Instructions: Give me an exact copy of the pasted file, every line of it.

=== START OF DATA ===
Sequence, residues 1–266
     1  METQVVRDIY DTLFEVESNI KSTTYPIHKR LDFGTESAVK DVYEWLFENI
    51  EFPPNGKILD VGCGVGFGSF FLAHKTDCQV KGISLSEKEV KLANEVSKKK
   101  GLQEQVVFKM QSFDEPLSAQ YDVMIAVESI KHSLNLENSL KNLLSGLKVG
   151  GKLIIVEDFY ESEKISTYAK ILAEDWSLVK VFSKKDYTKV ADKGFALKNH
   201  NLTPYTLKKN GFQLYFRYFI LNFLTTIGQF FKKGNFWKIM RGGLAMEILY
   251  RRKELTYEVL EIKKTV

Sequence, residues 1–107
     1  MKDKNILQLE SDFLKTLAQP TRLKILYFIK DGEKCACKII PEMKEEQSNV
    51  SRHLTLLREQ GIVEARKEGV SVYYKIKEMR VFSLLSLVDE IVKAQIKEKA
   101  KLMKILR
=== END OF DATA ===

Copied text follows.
Sequence, residues 1–266
     1  METQVVRDIY DTLFEVESNI KSTTYPIHKR LDFGTESAVK DVYEWLFENI
    51  EFPPNGKILD VGCGVGFGSF FLAHKTDCQV KGISLSEKEV KLANEVSKKK
   101  GLQEQVVFKM QSFDEPLSAQ YDVMIAVESI KHSLNLENSL KNLLSGLKVG
   151  GKLIIVEDFY ESEKISTYAK ILAEDWSLVK VFSKKDYTKV ADKGFALKNH
   201  NLTPYTLKKN GFQLYFRYFI LNFLTTIGQF FKKGNFWKIM RGGLAMEILY
   251  RRKELTYEVL EIKKTV

Sequence, residues 1–107
     1  MKDKNILQLE SDFLKTLAQP TRLKILYFIK DGEKCACKII PEMKEEQSNV
    51  SRHLTLLREQ GIVEARKEGV SVYYKIKEMR VFSLLSLVDE IVKAQIKEKA
   101  KLMKILR